Having looked at a large number of both article and discussion pages, we gained the impression that there are two fundamentally different types of users: On the one hand there are those interested in the topics; they primarily write and edit articles. On the other hand there are users that act more like reviewers who criticize the article author’s writing style or question the journalistic value of an article on the discussion page. Although we cannot prove this observation, it is consistent with the results of our analysis, especially considering that some of the most central users in the Discussion Dataset were not central in the other two Datasets.

8. Timeline of External Events can be constructed automatically

The starting point for this hypothesis is the idea that a news platform naturally reacts to external events.

The presumption that important events make the community direct its attention to these events seems to be obvious considering the result of H2. Because the community filters and spreads news from other sources, it can be expected that global events change the community’s interest structure.

The Group-Betweenness-Centrality (GBC) measures the level of networking. A high GBC indicates the existence of one very central actor; so most of the communication has to pass though him (i.e. when the other members don’t know each other). Accordingly, we will have a low degree of GBC in very democratic communities, in which nearly everyone communicates with each other. In TeCFlow, GBC is graphically represented in a trend line over time.

A global event would probably cause someone to write an article about it very fast. This article would then be edited by many different persons. This way the event would change the GBC-Plot of Dataset2; it would cause the value to rise. This can be explained by the fact that one user, the writer of the article, should become very central, since he or she is established as the recipient for every edit.

Concentrating on those points in time when the GBC is higher than the normal level and taking a look at the single actor’s centrality at these points in time will enabled us to clearly identify the actor who caused a peak.

However, looking at the articles which led to this actor’s high centrality shows that no single articles but rather a collection of many “unimportant” articles caused the actor’s high centrality.

Obviously, users do not become very central in this dataset by writing single articles that are edited by many other users. Instead our approach identified those actors who are the global connectors at these points in time, maybe because these actors just entered the community recently and therefore are concerned with many different topics. Another possible explanation is that an actor removed many junk edits on the search for suspect articles.

Since this first approach did not work as expected, we tested the hypothesis again using Dataset1. Analogous to the proceeding before, there should be an important event whenever there is a minimum in the GBC-Plot of Dataset1. At such a point in time no actor has a high centrality, so there is a lot communication between many different actors. But the results did not support the hypothesis either. Compared with Dataset2 there are only very small changes in the GBC. These changes could not be used for any further analysis, they seemed to be randomly.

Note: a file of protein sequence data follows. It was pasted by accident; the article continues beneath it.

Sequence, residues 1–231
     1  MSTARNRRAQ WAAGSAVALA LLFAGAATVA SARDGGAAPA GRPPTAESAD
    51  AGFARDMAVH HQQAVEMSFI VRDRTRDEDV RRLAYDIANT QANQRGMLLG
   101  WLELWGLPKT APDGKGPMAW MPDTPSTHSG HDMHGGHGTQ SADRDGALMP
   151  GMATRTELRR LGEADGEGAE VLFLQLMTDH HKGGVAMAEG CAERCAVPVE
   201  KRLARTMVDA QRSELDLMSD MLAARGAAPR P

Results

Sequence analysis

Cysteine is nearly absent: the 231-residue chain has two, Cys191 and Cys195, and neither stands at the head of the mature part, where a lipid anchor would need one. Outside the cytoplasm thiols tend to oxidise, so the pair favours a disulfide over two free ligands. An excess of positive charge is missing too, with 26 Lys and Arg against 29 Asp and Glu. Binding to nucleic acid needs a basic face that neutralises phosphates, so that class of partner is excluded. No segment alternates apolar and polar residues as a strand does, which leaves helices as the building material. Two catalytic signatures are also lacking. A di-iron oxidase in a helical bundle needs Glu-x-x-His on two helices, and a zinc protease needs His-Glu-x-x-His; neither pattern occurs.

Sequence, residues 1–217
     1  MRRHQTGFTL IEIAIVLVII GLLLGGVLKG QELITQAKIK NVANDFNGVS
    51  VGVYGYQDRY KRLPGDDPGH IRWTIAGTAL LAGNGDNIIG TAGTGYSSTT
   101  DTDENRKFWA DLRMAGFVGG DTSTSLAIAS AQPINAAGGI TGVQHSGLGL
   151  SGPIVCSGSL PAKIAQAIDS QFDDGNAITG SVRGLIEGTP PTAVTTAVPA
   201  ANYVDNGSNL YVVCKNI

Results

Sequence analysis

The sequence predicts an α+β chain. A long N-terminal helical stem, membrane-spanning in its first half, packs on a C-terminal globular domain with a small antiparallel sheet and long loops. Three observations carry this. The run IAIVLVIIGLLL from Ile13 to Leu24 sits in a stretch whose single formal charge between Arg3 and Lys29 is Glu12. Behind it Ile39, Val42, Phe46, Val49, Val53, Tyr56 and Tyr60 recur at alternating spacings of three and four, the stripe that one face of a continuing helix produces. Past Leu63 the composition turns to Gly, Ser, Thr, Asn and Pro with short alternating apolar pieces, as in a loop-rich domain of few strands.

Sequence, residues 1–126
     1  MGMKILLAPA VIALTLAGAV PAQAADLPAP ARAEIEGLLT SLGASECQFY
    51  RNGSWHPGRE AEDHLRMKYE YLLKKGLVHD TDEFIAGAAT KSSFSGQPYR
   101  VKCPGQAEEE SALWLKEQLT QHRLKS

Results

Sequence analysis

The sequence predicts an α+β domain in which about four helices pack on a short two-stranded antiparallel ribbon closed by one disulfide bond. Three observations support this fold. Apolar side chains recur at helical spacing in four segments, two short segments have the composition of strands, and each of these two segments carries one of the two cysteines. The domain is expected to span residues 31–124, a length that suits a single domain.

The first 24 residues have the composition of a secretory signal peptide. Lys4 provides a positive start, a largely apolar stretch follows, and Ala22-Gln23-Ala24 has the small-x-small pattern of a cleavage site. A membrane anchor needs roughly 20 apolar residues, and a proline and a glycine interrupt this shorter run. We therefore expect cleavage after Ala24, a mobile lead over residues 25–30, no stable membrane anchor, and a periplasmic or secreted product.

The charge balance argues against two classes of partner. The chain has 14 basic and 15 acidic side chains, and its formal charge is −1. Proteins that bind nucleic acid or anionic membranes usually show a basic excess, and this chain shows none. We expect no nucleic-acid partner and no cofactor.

Another approach to test this hypothesis was possible on our database as well: Using the Term Analysis it should be feasible to figure out dominating key-terms which than should lead us to important topics the community is dealing with at particular points in time.

In doing so, we move away from analyzing Wikinews’ structure and instead run a content-based analysis. For this we included the content by running a Term Analysis. We then tried to find out whether different events can be recognized by measuring the centrality of different key terms.

In the Term Analysis every word of the whole communication is weighted and connected to other terms. In the static or dynamic view the words are shown according to their centrality and are connected to those terms that occurred in the same communication.

The first communication content we looked at consisted of the article’s headlines. That way data processing was faster, because otherwise the amount of data would have been huge. Also, we did not expect a loss of quality in the result, because by focusing on the headlines of the articles the important terms have been sorted out in a natural way.

By running the dynamic view we could basically see an overview of the most important events of the last year without using any other variable. In the correct chronological order we could recognize the tsunami catastrophe, the election of the pope, the election in Great Britain, the terrorist attacks on the subway in London, the hurricane Katharina and the earthquake in Pakistan. The term “Bush” was quite central during the whole time and got strongly connected to the term “Iraq”, which also had a high centrality and was connected with the term “war” almost constantly.

9. Discussion

When reviewing the analyses we conducted, the most problematic aspect in our work is the definition of the datasets. Because the Wikinews community is not represented by communication data which contains direct message exchanges between the actors in the network, we had to define the communication links ourselves. In doing so, one will, consciously or unconsciously, manipulate the data to some extent. Nevertheless, we believe that our definition of the datasets avoids bias as far as possible.